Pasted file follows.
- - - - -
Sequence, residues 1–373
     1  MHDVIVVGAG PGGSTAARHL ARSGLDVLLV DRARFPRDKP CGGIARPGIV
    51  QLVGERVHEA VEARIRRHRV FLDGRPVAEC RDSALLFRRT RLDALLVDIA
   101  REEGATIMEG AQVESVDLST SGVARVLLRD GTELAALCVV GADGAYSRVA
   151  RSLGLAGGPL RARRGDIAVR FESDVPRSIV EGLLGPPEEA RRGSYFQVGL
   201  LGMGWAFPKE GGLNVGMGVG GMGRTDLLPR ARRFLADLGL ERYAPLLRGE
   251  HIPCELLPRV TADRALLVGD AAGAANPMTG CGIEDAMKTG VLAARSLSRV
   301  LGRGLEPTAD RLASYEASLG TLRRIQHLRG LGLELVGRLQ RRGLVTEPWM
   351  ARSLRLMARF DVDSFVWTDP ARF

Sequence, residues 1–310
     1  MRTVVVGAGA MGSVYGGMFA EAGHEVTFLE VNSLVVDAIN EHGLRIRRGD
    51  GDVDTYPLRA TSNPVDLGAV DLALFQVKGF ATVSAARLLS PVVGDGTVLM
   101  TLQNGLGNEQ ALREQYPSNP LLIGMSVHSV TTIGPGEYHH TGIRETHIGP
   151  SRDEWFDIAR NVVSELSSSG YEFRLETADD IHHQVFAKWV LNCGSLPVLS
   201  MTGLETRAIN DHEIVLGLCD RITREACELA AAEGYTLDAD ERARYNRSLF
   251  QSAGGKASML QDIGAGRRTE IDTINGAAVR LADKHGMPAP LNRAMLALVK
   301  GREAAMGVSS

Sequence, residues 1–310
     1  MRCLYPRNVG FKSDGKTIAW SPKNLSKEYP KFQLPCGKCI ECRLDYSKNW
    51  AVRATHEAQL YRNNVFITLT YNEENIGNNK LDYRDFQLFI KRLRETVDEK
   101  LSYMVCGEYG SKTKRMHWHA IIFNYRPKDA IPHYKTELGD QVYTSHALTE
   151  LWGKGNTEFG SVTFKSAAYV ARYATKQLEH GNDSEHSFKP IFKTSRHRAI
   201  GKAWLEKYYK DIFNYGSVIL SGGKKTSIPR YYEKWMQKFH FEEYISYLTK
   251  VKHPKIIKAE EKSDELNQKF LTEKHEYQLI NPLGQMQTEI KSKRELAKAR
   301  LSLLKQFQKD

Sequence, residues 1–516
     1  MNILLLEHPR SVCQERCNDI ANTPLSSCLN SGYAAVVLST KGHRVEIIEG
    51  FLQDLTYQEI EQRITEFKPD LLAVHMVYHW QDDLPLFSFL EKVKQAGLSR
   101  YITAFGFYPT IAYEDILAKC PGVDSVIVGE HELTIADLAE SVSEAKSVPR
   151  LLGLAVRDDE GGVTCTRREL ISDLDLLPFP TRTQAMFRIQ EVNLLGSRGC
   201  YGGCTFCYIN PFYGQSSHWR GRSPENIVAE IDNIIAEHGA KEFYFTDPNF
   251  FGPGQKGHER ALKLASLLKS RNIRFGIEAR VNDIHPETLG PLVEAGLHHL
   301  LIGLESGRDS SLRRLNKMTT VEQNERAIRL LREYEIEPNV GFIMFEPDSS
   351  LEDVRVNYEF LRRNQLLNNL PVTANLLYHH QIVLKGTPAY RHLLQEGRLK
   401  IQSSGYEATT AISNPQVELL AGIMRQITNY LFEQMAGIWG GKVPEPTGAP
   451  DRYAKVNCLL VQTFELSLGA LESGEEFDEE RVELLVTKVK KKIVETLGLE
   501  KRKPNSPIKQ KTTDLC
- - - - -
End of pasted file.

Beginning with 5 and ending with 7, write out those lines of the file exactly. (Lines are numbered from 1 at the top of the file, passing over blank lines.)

   151  RSLGLAGGPL RARRGDIAVR FESDVPRSIV EGLLGPPEEA RRGSYFQVGL
   201  LGMGWAFPKE GGLNVGMGVG GMGRTDLLPR ARRFLADLGL ERYAPLLRGE
   251  HIPCELLPRV TADRALLVGD AAGAANPMTG CGIEDAMKTG VLAARSLSRV